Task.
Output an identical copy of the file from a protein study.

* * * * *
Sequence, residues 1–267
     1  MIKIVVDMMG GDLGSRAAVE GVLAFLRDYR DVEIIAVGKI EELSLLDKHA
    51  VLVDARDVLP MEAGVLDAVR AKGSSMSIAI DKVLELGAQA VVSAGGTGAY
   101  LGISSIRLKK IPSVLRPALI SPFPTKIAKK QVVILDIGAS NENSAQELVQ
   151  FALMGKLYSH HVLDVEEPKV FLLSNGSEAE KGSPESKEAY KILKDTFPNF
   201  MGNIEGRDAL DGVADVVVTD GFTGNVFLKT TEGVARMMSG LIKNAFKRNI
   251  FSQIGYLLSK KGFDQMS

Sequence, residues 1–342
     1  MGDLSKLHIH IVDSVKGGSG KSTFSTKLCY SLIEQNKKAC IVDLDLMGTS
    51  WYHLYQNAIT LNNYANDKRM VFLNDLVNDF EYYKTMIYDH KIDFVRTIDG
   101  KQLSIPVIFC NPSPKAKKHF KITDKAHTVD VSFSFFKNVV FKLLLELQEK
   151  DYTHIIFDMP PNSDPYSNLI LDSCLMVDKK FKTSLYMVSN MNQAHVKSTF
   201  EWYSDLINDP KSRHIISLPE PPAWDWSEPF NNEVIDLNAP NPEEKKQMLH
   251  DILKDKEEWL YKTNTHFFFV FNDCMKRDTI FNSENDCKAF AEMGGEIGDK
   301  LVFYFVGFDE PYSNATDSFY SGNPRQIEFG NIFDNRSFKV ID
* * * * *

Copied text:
Sequence, residues 1–267
     1  MIKIVVDMMG GDLGSRAAVE GVLAFLRDYR DVEIIAVGKI EELSLLDKHA
    51  VLVDARDVLP MEAGVLDAVR AKGSSMSIAI DKVLELGAQA VVSAGGTGAY
   101  LGISSIRLKK IPSVLRPALI SPFPTKIAKK QVVILDIGAS NENSAQELVQ
   151  FALMGKLYSH HVLDVEEPKV FLLSNGSEAE KGSPESKEAY KILKDTFPNF
   201  MGNIEGRDAL DGVADVVVTD GFTGNVFLKT TEGVARMMSG LIKNAFKRNI
   251  FSQIGYLLSK KGFDQMS

Sequence, residues 1–342
     1  MGDLSKLHIH IVDSVKGGSG KSTFSTKLCY SLIEQNKKAC IVDLDLMGTS
    51  WYHLYQNAIT LNNYANDKRM VFLNDLVNDF EYYKTMIYDH KIDFVRTIDG
   101  KQLSIPVIFC NPSPKAKKHF KITDKAHTVD VSFSFFKNVV FKLLLELQEK
   151  DYTHIIFDMP PNSDPYSNLI LDSCLMVDKK FKTSLYMVSN MNQAHVKSTF
   201  EWYSDLINDP KSRHIISLPE PPAWDWSEPF NNEVIDLNAP NPEEKKQMLH
   251  DILKDKEEWL YKTNTHFFFV FNDCMKRDTI FNSENDCKAF AEMGGEIGDK
   301  LVFYFVGFDE PYSNATDSFY SGNPRQIEFG NIFDNRSFKV ID